• A genuine desire to expand the business and brand: Franchise success requires a genuine desire by business owners to expand their business and brand.

How long should a business exist before its owner begins to think about franchising?

It’s all about successful operations. Just because a business has been around a long time doesn’t mean that it’s a successful candidate for franchising. Typically a business must have a proven record of success — usually no less than two years — and have systems that can be taught to franchisees.

What are some “readiness” indicators that signal it might be the right time to franchise?

Readiness indicators typically include:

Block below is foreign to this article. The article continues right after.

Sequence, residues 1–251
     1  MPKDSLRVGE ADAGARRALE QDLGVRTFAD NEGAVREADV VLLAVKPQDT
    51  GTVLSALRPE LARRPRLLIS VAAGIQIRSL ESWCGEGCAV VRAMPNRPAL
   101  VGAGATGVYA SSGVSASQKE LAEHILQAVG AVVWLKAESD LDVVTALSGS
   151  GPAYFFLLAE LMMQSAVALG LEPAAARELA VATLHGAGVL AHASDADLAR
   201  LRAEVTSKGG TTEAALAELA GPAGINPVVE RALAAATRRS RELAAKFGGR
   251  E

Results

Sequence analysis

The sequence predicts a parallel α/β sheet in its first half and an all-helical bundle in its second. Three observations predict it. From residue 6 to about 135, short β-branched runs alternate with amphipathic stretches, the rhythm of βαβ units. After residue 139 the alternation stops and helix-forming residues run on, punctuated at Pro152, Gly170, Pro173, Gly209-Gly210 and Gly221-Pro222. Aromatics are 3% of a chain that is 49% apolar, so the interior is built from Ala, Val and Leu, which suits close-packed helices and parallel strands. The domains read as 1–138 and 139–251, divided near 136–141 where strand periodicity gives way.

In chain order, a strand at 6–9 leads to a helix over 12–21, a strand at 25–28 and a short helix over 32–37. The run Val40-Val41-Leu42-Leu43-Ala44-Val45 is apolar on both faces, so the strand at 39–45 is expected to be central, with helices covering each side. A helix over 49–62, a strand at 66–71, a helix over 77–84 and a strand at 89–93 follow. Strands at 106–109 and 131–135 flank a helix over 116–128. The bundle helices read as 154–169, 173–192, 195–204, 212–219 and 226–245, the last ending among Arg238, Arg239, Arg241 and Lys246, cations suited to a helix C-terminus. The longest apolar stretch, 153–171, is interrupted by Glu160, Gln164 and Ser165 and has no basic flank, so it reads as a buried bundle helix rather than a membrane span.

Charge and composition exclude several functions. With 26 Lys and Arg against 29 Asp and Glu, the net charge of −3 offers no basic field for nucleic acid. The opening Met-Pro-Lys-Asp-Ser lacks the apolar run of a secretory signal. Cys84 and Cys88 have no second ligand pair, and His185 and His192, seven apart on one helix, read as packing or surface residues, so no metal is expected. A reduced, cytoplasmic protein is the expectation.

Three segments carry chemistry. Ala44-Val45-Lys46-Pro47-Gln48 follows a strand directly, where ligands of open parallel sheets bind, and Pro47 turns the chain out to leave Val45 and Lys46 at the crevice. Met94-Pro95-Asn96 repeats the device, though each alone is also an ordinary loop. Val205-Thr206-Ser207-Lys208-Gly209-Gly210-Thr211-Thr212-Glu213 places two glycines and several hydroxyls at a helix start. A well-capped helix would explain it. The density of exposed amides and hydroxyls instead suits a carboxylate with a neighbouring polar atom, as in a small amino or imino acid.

• You are constantly asked by customers, friends, and even family if your business is a franchise or if they could open up their own.
  • Your business is successful and your product or service is well received and profitable, and your brand is recognized in your marketplace.
  • You have been working hard on your business and you have focused on your brand and the systems that you and your team implement every day.
  • You may already have multiple locations, or, if you don’t, you know there is much more room for growth and you are looking for the managerial talent and possibly capital for opening new locations.

What types of startup fees and expenses can a franchisor expect?

To properly develop and launch a franchise system, much will depend on the franchise development team and the business owner’s level of involvement in the development process. Fees for the development process will include legal fees, accounting fees, and development fees related to preparation of an operations manual. After the development process, there are costs associated with operating a franchise system.